Base project kept $23 million at home
By Kenneth Fine
Published in News on August 23, 2009 2:00 AM
A ribbon-cutting ceremony held last week on Seymour Johnson Air Force Base marked far more than the completion of a corrosion-control hangar and squadron operations building.
For Daniels and Daniels Construction Co. -- the local firm awarded the $23 million project -- the event was a chance to look back on two years of steady work despite a troubled economy.
"A lot of times, with that kind of work, you've got a big nationally recognized company," said Jeremiah Daniels, project manager for the two facilities. "And when the job is finished, they pack up and leave."
But keeping the contract in Wayne County, he said, gave a "big boost" to the local economy, and guaranteed that much of the multi-million paycheck stayed in the communities that support Seymour Johnson.
Completion of the project required nearly two years on site and more than 101,000 man-hours.
Daniels said roughly 95 percent of that work came from local contractors hired by his company.
"It has helped out tremendously," he said. "It helped us, but more importantly, it helped the community."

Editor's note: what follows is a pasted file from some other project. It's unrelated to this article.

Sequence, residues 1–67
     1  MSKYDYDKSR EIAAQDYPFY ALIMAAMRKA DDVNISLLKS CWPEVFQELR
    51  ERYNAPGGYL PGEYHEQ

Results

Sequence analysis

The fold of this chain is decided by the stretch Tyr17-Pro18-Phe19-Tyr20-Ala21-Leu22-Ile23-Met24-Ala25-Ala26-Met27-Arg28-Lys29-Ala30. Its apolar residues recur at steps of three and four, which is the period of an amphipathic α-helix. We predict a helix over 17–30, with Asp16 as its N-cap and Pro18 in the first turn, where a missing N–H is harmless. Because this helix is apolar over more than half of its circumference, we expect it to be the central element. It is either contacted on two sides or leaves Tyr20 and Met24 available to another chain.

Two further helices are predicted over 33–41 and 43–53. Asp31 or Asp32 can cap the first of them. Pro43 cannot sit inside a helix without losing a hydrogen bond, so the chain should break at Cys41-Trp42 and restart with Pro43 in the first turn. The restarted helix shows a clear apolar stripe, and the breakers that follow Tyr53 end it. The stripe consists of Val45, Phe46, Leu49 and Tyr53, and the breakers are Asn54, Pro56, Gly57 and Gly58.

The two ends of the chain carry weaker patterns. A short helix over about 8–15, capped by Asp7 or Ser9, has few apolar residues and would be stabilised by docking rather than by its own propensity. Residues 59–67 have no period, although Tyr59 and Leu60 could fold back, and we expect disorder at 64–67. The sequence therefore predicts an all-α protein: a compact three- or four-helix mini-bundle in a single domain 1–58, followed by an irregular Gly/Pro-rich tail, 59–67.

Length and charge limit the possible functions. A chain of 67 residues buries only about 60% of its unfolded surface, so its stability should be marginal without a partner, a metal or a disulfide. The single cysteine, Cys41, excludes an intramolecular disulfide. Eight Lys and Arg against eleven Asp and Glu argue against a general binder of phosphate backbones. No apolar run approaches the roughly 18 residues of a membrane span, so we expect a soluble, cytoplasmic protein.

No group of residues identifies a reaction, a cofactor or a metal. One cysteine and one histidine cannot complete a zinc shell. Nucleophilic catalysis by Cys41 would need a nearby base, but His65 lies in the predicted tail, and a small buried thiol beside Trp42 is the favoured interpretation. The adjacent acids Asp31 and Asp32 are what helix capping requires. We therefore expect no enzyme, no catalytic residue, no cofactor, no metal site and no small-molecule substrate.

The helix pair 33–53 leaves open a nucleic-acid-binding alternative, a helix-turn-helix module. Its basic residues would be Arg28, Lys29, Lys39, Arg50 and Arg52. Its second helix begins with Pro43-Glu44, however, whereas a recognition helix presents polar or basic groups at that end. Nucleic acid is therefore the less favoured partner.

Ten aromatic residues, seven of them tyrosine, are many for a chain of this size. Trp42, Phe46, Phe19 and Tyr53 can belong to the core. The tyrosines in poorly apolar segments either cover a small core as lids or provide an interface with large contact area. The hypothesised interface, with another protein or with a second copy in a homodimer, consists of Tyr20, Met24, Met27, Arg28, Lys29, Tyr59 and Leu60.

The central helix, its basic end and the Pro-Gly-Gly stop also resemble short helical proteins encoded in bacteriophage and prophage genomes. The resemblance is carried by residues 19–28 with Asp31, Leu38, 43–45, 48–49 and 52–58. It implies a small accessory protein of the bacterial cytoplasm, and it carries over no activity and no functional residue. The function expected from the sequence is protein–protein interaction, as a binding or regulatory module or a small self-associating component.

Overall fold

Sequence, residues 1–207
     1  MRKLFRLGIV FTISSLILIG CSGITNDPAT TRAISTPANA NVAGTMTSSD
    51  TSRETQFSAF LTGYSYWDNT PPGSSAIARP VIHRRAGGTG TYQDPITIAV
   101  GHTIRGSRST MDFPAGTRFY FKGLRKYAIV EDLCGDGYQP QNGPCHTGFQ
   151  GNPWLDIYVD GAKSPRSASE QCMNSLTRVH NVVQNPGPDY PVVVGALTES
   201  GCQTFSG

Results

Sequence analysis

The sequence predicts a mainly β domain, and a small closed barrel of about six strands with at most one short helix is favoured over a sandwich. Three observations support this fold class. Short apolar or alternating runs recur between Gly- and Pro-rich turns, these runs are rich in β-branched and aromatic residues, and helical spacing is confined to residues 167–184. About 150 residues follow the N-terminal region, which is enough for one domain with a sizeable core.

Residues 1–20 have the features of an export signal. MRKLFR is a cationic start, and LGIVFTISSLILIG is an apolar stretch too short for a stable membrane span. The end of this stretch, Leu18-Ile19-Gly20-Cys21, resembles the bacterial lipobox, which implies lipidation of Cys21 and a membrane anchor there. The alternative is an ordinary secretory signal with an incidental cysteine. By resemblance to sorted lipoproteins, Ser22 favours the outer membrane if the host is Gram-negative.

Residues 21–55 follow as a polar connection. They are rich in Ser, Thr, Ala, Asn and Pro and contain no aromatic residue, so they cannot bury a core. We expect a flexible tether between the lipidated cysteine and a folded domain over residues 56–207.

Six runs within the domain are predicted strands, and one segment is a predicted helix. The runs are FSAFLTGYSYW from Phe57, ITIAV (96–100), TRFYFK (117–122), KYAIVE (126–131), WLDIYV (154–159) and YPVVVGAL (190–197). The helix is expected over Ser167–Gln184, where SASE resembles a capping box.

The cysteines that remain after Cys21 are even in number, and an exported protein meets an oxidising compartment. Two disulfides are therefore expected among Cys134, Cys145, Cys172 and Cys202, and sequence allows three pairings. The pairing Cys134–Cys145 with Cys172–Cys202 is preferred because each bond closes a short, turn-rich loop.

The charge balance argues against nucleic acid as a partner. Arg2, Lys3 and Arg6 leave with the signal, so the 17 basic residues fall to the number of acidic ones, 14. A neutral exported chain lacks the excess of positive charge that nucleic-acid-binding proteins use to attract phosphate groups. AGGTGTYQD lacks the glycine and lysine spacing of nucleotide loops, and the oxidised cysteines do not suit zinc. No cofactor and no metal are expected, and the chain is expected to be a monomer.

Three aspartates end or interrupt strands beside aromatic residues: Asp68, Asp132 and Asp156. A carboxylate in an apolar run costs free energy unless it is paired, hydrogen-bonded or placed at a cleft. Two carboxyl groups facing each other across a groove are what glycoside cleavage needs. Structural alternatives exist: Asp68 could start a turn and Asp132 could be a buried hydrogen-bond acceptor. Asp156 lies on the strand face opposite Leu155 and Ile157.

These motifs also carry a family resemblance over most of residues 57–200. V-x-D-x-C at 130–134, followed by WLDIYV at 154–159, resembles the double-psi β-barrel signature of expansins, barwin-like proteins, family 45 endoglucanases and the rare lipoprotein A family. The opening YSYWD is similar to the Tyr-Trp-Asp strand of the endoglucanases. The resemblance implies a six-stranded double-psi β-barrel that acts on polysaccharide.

Local companies were brought on to tackle everything from the carpet and HVAC system to the fire alarm and structural steel work.
"It felt good to do that," Daniels said. "We've kept a lot of jobs going."
And it felt good to work alongside men and women he calls heroes.
"For the last 18 months, we were neighbors with the guys who work out there. We got to know those guys," Daniels said. "I mean, you get to see the planes fly, but meeting the airmen ... is what gave us a much better understanding of what they do out there. Of course, it makes you proud."
The facilities were built to support the 916th's new active-duty unit, the 911th Air Refueling Squadron, a group of 60 full-time and 104 part-time airmen activated in line with another BRAC recommendation.
The project also included installation of a KC-135R Stratotanker simulator -- a multimillion-dollar system that will reduce costs associated with actual flying and give air crew members a place to fine-tune their skills.